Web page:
Makers vs. Managers: Blocking Out Productivity

timeTime management comes to the forefront of everyone’s mind during the holiday season. Failing to block out enough time for events with friends and family can spin fun time into bouts of shouting. The approaching New Year also gives rise to planners and dreamers that require effective time management to succeed.

I’ve learned, during my tenure in the world of Fortune 50 corporations, small mom and pop type businesses and retail, that there are two primary ways of managing time. The organic processes naturally developed from the functional needs of two types of workers.

Workers who create, build, or produce are “makers.” Those who manage others are “managers.” Both require good time management skills to accomplish their charter, but each requires a very different structure of blocking out time for effectiveness.

Professional makers need large blocks of time to create their product, content or intellectual property. Time is required to get in the zone, be productive, and document activities enough to pick up where they left off at a future time. Most industries require time blocks of 2 or 4 hours.

Makers tend to use the morning for creative blocks of time and the afternoons for logical endeavors. However, makers also break the rules and might find they are more productive during the wee hours of the night. Only 60% of the top 100 authors of the 20th century followed this pattern of creating in the morning and editing in the afternoon. Most wrote when they were inspired and fixed their writings at more logical times.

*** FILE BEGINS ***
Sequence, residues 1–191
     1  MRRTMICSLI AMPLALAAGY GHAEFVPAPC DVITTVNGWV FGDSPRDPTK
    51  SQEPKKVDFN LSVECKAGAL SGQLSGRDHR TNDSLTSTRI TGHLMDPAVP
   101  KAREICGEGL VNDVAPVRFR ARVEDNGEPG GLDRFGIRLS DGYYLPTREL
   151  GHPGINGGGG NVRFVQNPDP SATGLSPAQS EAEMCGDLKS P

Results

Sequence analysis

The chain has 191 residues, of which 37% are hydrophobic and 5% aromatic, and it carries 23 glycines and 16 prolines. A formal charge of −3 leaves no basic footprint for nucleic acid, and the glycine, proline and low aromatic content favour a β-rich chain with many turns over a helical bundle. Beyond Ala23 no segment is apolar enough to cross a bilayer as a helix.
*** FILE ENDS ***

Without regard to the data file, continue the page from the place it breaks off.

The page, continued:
Professional managers typically oversee the tactical efforts of a team. They tend to block out their time in smaller half-hour increments, allowing some level of flexibility to put out the next “fire” that attempts to erode the team’s progress. The smaller segments allow for faster responses and adjustments to circumstantial changes in the tactical operations of the day.

Strong managers block out empty time slots to shift their mandatory work after a “fire” takes the team off task. In other words, they plan for the proverbial fires each day. Most managers primary goal is to support their team and make sure they continue functioning no matter what surprise issues arise.

Productivity crashes when a manager tries to block out 2-4 hour increments that keeps him or her away from supporting their team. Likewise, makers that try to touch numerous projects in a given day using half-hour increments soon finds their work less provocative, of a lower quality and far less entertaining.

Blocking out time based on function is the only method that supports the type of work the makers and managers face. Constant interruptions of a maker produce little results. Long durations of managers away from their team weaken their process and negatively impacts tactical results.

The right type of time and duration is critical to the success of both the makers and managers. Blocking out time based on function will always facilitate success. This will bring peace to the worker and confidence that his or her workload will be completed on time.

Copyright © 2015 by CJ Powers

A Creative Approach to Productivity